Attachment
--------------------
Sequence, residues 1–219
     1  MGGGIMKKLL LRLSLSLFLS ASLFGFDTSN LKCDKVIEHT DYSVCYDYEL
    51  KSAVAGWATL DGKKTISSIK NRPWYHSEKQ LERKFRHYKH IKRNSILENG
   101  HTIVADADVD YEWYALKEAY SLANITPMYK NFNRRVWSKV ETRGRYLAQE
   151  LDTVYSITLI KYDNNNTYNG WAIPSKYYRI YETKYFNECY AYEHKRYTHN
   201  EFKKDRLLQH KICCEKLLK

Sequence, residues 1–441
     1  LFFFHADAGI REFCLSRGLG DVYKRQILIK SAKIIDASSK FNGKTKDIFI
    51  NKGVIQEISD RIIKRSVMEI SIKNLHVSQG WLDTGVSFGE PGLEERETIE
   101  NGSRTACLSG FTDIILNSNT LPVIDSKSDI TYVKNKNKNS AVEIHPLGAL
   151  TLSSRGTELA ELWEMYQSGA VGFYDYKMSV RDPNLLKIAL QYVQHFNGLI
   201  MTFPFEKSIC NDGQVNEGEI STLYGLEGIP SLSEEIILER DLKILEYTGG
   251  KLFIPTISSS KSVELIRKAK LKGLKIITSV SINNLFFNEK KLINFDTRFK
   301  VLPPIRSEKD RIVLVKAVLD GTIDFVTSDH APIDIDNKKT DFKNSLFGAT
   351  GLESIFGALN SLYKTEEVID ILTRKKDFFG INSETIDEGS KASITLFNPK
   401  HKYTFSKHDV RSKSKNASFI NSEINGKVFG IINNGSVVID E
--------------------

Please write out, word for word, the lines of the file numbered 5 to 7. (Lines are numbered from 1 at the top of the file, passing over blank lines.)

   151  LDTVYSITLI KYDNNNTYNG WAIPSKYYRI YETKYFNECY AYEHKRYTHN
   201  EFKKDRLLQH KICCEKLLK

Sequence, residues 1–441